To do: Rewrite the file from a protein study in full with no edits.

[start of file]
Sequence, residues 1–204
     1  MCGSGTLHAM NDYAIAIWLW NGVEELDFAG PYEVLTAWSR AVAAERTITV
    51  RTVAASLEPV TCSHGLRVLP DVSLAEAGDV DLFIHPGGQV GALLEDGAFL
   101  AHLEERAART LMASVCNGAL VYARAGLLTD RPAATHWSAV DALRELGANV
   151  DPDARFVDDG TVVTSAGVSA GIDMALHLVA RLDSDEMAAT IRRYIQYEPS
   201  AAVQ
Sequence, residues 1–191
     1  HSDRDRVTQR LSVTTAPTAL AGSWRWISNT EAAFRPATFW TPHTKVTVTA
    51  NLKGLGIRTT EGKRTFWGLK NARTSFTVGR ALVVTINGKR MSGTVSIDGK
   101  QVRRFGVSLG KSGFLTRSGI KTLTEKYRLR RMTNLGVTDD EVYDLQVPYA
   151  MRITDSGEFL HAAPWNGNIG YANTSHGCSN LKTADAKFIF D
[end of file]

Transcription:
Sequence, residues 1–204
     1  MCGSGTLHAM NDYAIAIWLW NGVEELDFAG PYEVLTAWSR AVAAERTITV
    51  RTVAASLEPV TCSHGLRVLP DVSLAEAGDV DLFIHPGGQV GALLEDGAFL
   101  AHLEERAART LMASVCNGAL VYARAGLLTD RPAATHWSAV DALRELGANV
   151  DPDARFVDDG TVVTSAGVSA GIDMALHLVA RLDSDEMAAT IRRYIQYEPS
   201  AAVQ
Sequence, residues 1–191
     1  HSDRDRVTQR LSVTTAPTAL AGSWRWISNT EAAFRPATFW TPHTKVTVTA
    51  NLKGLGIRTT EGKRTFWGLK NARTSFTVGR ALVVTINGKR MSGTVSIDGK
   101  QVRRFGVSLG KSGFLTRSGI KTLTEKYRLR RMTNLGVTDD EVYDLQVPYA
   151  MRITDSGEFL HAAPWNGNIG YANTSHGCSN LKTADAKFIF D